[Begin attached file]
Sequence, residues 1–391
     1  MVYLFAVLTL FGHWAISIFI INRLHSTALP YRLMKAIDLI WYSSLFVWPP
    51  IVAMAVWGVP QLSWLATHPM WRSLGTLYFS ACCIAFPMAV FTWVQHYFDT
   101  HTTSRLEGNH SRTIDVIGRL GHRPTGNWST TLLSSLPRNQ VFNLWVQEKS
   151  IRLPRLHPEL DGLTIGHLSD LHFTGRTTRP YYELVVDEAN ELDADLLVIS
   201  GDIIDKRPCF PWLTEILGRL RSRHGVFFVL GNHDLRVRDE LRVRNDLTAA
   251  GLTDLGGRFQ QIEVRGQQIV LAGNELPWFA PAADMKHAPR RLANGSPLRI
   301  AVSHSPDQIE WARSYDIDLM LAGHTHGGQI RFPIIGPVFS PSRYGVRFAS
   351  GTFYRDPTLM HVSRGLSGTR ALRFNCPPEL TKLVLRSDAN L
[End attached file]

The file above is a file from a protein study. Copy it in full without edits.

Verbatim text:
Sequence, residues 1–391
     1  MVYLFAVLTL FGHWAISIFI INRLHSTALP YRLMKAIDLI WYSSLFVWPP
    51  IVAMAVWGVP QLSWLATHPM WRSLGTLYFS ACCIAFPMAV FTWVQHYFDT
   101  HTTSRLEGNH SRTIDVIGRL GHRPTGNWST TLLSSLPRNQ VFNLWVQEKS
   151  IRLPRLHPEL DGLTIGHLSD LHFTGRTTRP YYELVVDEAN ELDADLLVIS
   201  GDIIDKRPCF PWLTEILGRL RSRHGVFFVL GNHDLRVRDE LRVRNDLTAA
   251  GLTDLGGRFQ QIEVRGQQIV LAGNELPWFA PAADMKHAPR RLANGSPLRI
   301  AVSHSPDQIE WARSYDIDLM LAGHTHGGQI RFPIIGPVFS PSRYGVRFAS
   351  GTFYRDPTLM HVSRGLSGTR ALRFNCPPEL TKLVLRSDAN L